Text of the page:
2. To qualify, you must have a service-connected incident on your record or a condition that is service connected. You will have to prove the cause from your service record.
  3. Finally, you must prove a medical nexus that connects the diagnosis and the cause of the kidney disease.

If you’re unable to work due to the severity of your condition, you may qualify for Total Disability Based on Individual Unemployability (TDIU). You can qualify for TDIU even if your VA rating is less than 100%. Your condition doesn’t need to be extreme for you to qualify for TDIU. The compensation from TDIU is equal to a total disability rating. In this case, the VA compensates Veterans the same amount as if they were at 100%. 

To qualify, you must show that you cannot maintain consistent employment because of the physical impairment kidney disease causes. Even if you are past the age of working, you can still get compensation for TDIU. You must have one service-connected disability rated at least 60% or more, along with the inability to work. From there, you can begin the process of qualifying for TDIU if you find yourself in that situation.

Sometimes getting qualified for VA compensation can be difficult, and there are times where you might receive a denial for compensation. When this happens, you need an experienced attorney like Berry Law to advocate for you. The team at Berry Law consists of former police officers and military Veterans, and we have fought alongside Veterans to appeal VA denials for disability compensation.

What Are the VA Benefits?

VA compensation for kidney disease comprises many things. You can receive dialysis care, home alterations and repairs, disability compensation, extended care, and home dialysis once you get approved. Of course, the amount of what you would get would depend on the rating you get from your condition.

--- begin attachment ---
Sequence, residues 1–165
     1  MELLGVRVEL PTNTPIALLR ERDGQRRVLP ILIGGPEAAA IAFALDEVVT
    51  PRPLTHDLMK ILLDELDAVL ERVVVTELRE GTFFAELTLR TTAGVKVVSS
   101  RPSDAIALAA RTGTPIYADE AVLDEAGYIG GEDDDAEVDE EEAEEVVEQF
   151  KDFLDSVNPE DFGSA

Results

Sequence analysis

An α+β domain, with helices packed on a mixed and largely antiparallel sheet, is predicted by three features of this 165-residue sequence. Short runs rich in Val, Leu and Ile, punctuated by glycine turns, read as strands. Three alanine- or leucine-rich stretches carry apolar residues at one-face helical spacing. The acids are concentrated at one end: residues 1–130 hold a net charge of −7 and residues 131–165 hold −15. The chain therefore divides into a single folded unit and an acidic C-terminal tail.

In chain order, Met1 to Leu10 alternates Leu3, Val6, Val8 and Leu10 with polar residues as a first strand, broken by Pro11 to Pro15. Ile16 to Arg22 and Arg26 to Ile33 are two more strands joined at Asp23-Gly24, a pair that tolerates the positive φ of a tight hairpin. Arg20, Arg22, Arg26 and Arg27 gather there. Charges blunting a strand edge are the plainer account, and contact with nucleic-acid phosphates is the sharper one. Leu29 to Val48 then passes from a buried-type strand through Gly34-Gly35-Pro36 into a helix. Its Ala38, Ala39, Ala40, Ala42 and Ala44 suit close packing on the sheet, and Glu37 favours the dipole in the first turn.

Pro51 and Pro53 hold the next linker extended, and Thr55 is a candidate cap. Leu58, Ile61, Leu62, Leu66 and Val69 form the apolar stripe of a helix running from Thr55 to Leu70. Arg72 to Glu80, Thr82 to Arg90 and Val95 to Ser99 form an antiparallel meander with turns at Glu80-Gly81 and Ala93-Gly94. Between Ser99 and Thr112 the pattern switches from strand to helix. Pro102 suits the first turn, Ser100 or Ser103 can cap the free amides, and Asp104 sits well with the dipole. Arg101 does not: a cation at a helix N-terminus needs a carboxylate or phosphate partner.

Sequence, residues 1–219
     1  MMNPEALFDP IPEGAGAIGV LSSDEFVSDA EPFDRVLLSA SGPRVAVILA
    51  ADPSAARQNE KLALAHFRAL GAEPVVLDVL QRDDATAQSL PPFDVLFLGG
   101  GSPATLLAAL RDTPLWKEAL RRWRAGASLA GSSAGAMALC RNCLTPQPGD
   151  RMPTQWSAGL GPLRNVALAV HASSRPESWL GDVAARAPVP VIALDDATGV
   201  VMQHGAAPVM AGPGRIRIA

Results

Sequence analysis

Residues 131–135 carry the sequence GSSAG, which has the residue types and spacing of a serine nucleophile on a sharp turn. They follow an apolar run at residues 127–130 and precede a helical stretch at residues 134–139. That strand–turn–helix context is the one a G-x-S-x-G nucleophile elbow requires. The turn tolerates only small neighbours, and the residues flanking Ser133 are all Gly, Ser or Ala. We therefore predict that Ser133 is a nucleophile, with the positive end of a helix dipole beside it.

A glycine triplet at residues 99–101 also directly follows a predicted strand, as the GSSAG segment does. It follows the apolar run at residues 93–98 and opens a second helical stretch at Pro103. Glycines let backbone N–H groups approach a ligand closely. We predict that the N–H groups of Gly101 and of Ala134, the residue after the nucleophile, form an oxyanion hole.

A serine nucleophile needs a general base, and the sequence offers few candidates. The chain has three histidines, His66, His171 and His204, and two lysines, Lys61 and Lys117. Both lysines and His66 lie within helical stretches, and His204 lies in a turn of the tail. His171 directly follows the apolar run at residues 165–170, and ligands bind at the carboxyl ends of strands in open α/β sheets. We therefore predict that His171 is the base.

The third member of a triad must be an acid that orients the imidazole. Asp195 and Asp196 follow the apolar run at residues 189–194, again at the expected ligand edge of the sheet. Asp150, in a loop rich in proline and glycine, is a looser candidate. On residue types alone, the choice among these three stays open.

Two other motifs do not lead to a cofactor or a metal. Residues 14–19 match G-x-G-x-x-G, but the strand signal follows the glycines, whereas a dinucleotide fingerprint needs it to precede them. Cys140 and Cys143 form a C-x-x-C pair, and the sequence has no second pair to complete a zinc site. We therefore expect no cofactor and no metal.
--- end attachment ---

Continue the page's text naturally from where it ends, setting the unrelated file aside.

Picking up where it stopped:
Kidney disease is a broad category for different types of impairment in the kidney. All of them include kidney malfunction, whether they are immediate or progressive. If you have any reason to think that you are experiencing the symptoms of kidney disease, it is best to consult a medical professional.

Though qualifying for compensation can be a challenge at times, making sure you have the requirements to qualify is essential. If the VA denies your application, contact Berry Law. We can get you the compensation you deserve.


VA Disability Ratings for Kidney Disease

VA Disability for All Kinds of Kidney Problems and Secondary Conditions

VA Disability Ratings Kidney Disease | Marc Whitehead & Associates

Berry Law

The attorneys at Berry Law are dedicated to helping injured Veterans. With extensive experience working with VA disability claims, Berry Law can help you with your disability appeals.

This material is for informational purposes only. It does not create an attorney-client relationship between the Firm and the reader, and does not constitute legal advice. Legal advice must be tailored to the specific circumstances of each case, and the contents of this blog are not a substitute for legal counsel.